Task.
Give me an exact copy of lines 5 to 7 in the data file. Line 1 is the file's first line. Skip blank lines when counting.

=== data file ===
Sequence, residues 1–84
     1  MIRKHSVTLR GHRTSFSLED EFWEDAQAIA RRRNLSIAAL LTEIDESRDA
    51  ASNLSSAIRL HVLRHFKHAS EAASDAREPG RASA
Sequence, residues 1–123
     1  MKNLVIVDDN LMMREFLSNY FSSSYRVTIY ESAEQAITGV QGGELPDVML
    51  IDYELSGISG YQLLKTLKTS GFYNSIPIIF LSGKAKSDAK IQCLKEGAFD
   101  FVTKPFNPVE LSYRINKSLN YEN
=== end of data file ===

     1  MKNLVIVDDN LMMREFLSNY FSSSYRVTIY ESAEQAITGV QGGELPDVML
    51  IDYELSGISG YQLLKTLKTS GFYNSIPIIF LSGKAKSDAK IQCLKEGAFD
   101  FVTKPFNPVE LSYRINKSLN YEN